On Fri, Apr 13, 2018 at 07:38:30AM +0200, Stephan Mueller wrote: > > The crng_init variable has three states: > > > > 0: The CRNG is not initialized at all > > 1: The CRNG has a small amount of entropy, hopefully good enough for > > early-boot, non-cryptographical use cases > > 2: The CRNG is fully initialized and we are sure it is safe for > > cryptographic use cases. > > > > The crng_ready() function should only return true once we are in the > > last state. > > > Do I see that correctly that getrandom(2) will now unblock after the > input_pool has obtained 128 bits of entropy? Similarly for > get_random_bytes_wait.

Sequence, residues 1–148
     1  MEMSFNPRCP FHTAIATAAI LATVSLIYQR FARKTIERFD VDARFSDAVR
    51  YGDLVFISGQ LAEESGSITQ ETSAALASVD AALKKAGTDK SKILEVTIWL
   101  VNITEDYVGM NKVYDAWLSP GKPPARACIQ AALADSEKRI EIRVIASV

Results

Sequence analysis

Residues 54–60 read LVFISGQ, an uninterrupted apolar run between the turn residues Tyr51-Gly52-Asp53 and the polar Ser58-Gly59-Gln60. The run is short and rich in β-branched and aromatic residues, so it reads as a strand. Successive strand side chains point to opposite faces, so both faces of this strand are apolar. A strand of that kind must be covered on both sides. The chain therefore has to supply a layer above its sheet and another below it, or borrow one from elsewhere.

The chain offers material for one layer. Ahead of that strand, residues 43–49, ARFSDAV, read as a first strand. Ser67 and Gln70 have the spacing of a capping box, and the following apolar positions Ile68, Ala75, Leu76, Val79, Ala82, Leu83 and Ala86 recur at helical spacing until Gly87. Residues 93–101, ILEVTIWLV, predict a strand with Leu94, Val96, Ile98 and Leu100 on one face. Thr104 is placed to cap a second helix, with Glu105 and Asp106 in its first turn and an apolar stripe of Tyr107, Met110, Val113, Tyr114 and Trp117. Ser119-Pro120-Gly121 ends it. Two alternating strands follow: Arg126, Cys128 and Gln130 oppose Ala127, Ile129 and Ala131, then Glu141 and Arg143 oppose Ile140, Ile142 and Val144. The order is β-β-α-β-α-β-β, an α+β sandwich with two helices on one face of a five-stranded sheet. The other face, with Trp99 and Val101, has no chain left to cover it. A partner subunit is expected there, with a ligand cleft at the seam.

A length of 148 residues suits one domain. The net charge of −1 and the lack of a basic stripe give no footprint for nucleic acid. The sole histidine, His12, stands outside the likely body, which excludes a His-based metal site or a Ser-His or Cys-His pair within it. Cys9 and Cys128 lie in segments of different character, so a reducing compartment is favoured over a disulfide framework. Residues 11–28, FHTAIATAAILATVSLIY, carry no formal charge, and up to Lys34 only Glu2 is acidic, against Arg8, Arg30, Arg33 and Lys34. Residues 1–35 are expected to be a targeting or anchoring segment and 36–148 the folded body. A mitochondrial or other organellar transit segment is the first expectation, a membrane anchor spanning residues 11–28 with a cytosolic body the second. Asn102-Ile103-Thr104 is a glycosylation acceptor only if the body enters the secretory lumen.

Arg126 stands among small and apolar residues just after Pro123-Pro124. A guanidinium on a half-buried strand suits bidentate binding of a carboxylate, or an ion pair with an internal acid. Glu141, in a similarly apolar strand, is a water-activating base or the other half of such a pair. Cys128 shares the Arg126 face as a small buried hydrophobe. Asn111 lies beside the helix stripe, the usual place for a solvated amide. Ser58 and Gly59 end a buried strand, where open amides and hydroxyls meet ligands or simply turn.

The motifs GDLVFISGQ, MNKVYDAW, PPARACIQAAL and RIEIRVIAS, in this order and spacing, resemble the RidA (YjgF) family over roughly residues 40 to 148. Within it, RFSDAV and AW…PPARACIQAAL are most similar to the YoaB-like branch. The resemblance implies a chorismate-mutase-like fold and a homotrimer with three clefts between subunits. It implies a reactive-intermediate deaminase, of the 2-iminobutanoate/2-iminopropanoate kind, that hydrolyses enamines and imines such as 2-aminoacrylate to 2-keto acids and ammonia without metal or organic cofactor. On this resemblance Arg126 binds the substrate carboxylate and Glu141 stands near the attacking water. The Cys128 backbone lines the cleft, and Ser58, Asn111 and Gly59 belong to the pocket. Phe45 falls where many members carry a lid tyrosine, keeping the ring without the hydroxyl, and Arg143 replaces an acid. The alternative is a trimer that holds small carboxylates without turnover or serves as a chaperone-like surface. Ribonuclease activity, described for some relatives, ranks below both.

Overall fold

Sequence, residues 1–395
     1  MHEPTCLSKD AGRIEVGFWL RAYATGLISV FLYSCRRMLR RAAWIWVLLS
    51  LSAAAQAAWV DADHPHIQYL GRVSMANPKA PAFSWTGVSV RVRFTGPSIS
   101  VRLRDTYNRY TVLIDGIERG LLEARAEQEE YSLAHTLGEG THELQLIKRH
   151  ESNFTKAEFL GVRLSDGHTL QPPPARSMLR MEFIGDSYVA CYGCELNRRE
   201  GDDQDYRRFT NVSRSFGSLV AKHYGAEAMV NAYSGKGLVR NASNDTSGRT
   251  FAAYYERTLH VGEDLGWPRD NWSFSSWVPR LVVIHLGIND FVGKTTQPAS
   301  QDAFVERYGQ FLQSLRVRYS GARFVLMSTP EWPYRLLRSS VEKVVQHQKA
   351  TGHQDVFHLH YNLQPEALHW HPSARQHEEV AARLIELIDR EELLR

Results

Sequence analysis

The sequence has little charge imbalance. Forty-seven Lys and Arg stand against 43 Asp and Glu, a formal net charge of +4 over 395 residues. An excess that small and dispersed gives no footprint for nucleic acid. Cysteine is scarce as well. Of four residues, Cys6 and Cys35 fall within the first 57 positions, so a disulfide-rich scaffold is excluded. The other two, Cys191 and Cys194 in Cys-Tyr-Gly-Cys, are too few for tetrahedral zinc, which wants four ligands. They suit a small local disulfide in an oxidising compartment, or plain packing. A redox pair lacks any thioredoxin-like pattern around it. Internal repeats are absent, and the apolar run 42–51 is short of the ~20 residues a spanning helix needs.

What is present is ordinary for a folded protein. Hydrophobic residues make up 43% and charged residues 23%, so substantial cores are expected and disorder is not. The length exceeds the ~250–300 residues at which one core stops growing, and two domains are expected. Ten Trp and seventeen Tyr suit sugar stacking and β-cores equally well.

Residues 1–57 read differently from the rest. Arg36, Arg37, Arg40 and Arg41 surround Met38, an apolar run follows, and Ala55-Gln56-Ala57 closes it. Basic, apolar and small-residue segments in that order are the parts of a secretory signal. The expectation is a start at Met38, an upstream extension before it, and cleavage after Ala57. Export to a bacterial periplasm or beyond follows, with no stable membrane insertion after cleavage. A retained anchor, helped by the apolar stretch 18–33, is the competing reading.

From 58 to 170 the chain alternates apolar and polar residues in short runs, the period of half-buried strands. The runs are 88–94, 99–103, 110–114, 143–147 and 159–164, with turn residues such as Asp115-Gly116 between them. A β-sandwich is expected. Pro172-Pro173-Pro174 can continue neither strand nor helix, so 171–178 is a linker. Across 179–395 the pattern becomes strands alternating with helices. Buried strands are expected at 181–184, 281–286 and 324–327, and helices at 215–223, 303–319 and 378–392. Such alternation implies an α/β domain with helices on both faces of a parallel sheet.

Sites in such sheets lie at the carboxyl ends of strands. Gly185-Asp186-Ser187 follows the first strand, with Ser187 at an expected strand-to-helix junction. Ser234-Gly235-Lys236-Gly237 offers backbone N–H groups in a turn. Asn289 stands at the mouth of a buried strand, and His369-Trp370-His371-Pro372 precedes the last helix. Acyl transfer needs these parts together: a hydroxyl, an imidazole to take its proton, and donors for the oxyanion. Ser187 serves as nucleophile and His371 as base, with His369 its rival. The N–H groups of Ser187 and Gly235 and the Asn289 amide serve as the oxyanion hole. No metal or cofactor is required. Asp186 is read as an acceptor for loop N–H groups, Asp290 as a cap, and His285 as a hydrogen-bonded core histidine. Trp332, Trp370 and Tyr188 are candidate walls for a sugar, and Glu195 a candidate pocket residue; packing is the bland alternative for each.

Correct. > As this seems to be the only real use case for crng_ready (apart from > logging), what is the purpose of crng_init == 1? Immediately after boot (crng_init state 0), we funnel the harvested entropy from add_interrupt_entropy() directly to the CRNG pool. The goal is to get at least some amount of entropy into the CRNG is it's not blatently predictable. When we have accomplished this, by mixing in 2 * CHACHA20_KEY_SIZE bytes of input from add_input_randomness, we enter state crng_init state 1. In crng_init state 1, we start funnelling the harvested entropy to the input_pool. Once we have accumulated 128 bits of entropy in the input pool, we then reseed the CRNG from the input_pool, and we consider the CRNG to be fully intialized. During crng_init state 1, the CRNG is basically in a "good enough for government work" state. It's going to get used by things like initial TCP sequence numbers, and UUID's by udev, et. al, but I wouldn't want to use it for anything that has strong cryptographic use cases. It would be preferable if nothing in the kernel and early systemd startup used get_random_bytes() or /dev/urandom or getrandom(2) w/ GRND_NONBLOCK. Unfortunately, (a) there is a lot of legacy code which still uses /dev/urandom and not getrandom(2) and (b) in some cases, such as initialization of the Stack Canary, the kernel simply can't wait for the CRNG to be fully initialized. Or if the kernel needs enough of the networking stack to mount an NFS root file system, for example. This was always the original design intent, but I screwed up and no one noticed until Jann reached out to be and said, "Hey.... this doesn't seem to make much sense". Regards, - Ted